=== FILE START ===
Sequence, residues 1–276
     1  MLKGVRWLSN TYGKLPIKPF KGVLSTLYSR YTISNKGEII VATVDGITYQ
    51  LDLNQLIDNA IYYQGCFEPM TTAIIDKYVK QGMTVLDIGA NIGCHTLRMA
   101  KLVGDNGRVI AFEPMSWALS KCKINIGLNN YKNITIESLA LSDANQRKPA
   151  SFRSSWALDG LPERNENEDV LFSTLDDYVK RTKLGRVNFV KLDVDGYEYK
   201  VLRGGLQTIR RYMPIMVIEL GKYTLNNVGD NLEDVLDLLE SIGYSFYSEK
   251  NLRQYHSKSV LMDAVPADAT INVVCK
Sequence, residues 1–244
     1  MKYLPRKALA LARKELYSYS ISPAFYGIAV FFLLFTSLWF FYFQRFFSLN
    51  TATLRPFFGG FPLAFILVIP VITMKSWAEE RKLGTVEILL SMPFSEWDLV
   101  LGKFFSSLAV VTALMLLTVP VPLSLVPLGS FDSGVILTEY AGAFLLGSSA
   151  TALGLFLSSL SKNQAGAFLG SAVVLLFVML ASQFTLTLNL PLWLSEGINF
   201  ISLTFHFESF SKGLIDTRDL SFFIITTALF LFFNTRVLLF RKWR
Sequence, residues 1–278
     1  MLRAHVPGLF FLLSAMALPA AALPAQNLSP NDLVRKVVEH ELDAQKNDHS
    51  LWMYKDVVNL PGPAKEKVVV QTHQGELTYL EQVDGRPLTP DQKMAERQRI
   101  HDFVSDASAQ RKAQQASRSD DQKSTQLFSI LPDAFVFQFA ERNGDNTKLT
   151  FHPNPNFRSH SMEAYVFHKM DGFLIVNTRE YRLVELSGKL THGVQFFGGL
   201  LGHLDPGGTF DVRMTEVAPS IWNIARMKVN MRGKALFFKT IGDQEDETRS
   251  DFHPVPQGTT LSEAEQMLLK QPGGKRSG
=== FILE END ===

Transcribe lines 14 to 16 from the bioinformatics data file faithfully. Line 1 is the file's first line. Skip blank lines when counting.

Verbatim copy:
Sequence, residues 1–278
     1  MLRAHVPGLF FLLSAMALPA AALPAQNLSP NDLVRKVVEH ELDAQKNDHS
    51  LWMYKDVVNL PGPAKEKVVV QTHQGELTYL EQVDGRPLTP DQKMAERQRI